The Paradox of I’ll Do It

I define paradox as two opposing or seemingly conflicting views, ideas or perspectives that actually co-exist, and I’ve found that paradox (and the willingness to embrace the reality of paradox) is critical to navigating your life generally and your leadership specifically. Today, I want to talk about the paradox of “I’ll do it” – specifically, the ways that saying “I’ll do it” can demonstrate leadership and the ways it can demonstrate a lack of leadership. Your ability to discern the difference in your day-to-day interactions, communication and choices will be a critical factor in your leadership journey.

Let’s start with an ancient story – the story of David and Goliath (I Samuel 17). When David accepted the challenge and took on Goliath, he essentially said “I’ll do it.” This act of “I’ll do it” was not only courageous but also demonstrated David’s leadership in the moment. Why leadership? Because the Israelites were in a serious and almost desperate situation and they needed a leader to take on a seemingly impossible task. While David seemed like an unlikely candidate for the job (he was young, inexperienced in battle and merely a shepherd), David had valuable experience (he had killed a lion and a bear that had threatened his flock) and was blessed with unique gifts and skills with a slingshot. In other words, the Israelites were looking for the right person for the job in this unique situation, and David was that person. This was leadership.

In contrast, leadership has become mistakenly associated with being the person that always says “I’ll do it.” Whenever something needs to be done and no one else volunteers to do it, we raise our hand and say “I’ll do it” believing that this is leadership. On the contrary, while being the “I’ll do it” person can be valuable to the team or organization, it can also limit and hold back the team and organization (which is contrary to leadership). In this context, leadership often requires you to embrace the silence and allow others to step up and do it. Another corollary of this concept is the need for leaders to become comfortable with the silence, rather than always filling it with more information or with the “I’ll do it.”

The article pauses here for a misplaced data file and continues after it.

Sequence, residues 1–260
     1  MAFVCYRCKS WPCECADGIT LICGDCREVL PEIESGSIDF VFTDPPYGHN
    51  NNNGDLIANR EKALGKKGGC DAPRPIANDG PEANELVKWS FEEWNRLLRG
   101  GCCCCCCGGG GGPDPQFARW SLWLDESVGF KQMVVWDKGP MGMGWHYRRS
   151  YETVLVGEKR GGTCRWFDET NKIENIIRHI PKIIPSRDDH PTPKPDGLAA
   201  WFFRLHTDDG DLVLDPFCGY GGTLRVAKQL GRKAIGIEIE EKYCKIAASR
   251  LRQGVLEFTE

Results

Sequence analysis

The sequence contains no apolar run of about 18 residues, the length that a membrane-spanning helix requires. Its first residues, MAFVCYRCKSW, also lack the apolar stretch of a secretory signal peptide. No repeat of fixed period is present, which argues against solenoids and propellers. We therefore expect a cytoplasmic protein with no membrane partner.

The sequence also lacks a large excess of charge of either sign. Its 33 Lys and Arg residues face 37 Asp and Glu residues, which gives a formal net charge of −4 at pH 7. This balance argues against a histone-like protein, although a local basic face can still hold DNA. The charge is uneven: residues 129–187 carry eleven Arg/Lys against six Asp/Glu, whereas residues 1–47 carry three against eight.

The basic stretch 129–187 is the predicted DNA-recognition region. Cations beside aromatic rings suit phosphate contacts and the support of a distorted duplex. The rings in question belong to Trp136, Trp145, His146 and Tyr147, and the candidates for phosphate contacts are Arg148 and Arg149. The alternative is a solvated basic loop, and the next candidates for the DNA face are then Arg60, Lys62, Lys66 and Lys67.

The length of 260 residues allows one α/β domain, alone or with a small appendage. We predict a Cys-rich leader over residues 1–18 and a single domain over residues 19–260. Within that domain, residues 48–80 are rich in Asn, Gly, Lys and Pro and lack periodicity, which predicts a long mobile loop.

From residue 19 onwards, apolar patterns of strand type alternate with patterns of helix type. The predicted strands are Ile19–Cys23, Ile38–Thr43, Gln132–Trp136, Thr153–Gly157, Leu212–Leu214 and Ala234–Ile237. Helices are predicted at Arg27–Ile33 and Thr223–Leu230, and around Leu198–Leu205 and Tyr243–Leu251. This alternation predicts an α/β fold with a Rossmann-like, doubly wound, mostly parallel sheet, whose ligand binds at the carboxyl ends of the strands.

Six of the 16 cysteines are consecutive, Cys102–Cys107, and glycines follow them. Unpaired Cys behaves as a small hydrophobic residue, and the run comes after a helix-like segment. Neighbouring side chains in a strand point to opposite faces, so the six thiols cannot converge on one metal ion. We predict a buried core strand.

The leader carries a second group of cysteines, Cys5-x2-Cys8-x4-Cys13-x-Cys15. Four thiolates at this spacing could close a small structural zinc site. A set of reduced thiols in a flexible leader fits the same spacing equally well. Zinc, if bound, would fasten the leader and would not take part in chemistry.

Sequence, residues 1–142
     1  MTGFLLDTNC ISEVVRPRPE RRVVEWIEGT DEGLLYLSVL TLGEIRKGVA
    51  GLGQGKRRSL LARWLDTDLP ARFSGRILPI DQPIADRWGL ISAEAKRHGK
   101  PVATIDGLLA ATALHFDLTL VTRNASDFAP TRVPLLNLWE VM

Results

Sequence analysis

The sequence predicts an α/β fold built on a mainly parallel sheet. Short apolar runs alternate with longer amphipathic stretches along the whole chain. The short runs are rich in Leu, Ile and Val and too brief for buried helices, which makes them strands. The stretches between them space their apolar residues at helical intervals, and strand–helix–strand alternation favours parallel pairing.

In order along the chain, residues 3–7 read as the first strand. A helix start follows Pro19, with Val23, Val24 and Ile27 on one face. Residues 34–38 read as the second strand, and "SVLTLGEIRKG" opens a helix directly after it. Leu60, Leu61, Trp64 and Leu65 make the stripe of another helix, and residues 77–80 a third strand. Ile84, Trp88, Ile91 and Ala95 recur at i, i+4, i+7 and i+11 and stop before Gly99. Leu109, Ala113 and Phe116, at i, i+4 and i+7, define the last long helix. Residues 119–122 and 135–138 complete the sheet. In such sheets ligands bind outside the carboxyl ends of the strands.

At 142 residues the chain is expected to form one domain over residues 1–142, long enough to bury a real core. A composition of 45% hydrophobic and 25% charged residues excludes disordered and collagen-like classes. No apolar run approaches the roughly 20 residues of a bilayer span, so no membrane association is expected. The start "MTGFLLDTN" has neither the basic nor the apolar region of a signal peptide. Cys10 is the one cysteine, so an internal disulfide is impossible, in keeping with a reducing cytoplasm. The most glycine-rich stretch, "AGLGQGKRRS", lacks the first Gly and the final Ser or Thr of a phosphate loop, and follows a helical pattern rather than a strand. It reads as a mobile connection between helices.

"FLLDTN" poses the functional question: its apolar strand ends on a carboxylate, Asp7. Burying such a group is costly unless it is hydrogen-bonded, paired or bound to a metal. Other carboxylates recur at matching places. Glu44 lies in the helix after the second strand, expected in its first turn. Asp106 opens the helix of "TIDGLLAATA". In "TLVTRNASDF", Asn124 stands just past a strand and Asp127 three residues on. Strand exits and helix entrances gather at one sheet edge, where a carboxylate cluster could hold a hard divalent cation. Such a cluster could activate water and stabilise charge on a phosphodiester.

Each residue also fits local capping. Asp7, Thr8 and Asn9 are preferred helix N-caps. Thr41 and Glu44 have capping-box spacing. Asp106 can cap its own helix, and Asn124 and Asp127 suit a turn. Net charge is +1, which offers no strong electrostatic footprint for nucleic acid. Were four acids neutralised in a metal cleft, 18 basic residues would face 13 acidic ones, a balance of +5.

Think about the meetings when someone is looking for a volunteer. After a moment or two of silence after the ask is made, someone (usually the same person) steps up and says “I’ll do it.” Alternatively, whoever is leading the meeting (and asking for a volunteer) will get anxious and assign the task or mission to someone (again, usually the person they can trust most to get things done). Perhaps you’re the “I’ll do it” person in your organization, and you regularly say “I’ll do it” when asked to take something on. What’s often more valuable in these moments is leadership in the form of staying quiet, allowing the silence and saying “no” unless you are the right person with the right skills and gifts for that unique situation.

Admittedly, the silence can be uncomfortable for everyone, and that’s one element of leadership. Leaders embrace the silence and are willing to allow it to linger in order to create enough discomfort with the team to spark the leadership of and in others. If you (or someone else) is always saying “I’ll do it,” then the rest of the team is denied the opportunity to step up in their own leadership and doing. If leadership typically involves stretching yourself and being uncomfortable (which it does), then allowing others the opportunity to be uncomfortable and to stretch themselves is an act of your own leadership. This leadership often requires you to be silent and to choose NOT to say “I’ll do it.”

Thus, the paradox. Whether “I’ll do it” is leadership (like David) or a lack of leadership (just more doing) is a matter of context and discernment, both of which are vital leadership skills. The next time you feel the urge to say “I’ll do it,” ask yourself these five questions:

  • Is this leadership or just more doing?
  • Is saying “I’ll do it” the right thing for me, the team and the organization (short and long term)?
  • Am I saying “I’ll do it” because of my unique gifts and skills, and because the organization needs my leadership in this moment?
  • Am I saying “I’ll do it” to fill the silence or because no one else wants to do it?
  • By saying “I’ll do it,” am I helping to grow the team and individual people or keeping other team members from growing as leaders?

Your answers to these questions will help you to discern whether your “I’ll do it” is leadership or the absence of leadership. There are rarely right or wrong answers, but your leadership will be most impactful if you’re willing to ask these types of questions in the moment, to answer them honestly, and to embrace the silence without filling it with your “I’ll do it.” Welcome to leadership and just another day in paradox!

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